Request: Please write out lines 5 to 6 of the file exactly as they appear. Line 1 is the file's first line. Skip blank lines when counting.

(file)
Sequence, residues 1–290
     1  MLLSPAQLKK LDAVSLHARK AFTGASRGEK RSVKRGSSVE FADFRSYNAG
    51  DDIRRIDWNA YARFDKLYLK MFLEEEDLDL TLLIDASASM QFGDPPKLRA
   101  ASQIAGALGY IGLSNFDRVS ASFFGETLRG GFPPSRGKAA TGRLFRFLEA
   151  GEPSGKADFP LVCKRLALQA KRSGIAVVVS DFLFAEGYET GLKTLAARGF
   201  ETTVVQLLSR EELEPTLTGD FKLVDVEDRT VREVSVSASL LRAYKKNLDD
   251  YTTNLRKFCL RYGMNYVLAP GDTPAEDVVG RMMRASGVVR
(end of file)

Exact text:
   151  GEPSGKADFP LVCKRLALQA KRSGIAVVVS DFLFAEGYET GLKTLAARGF
   201  ETTVVQLLSR EELEPTLTGD FKLVDVEDRT VREVSVSASL LRAYKKNLDD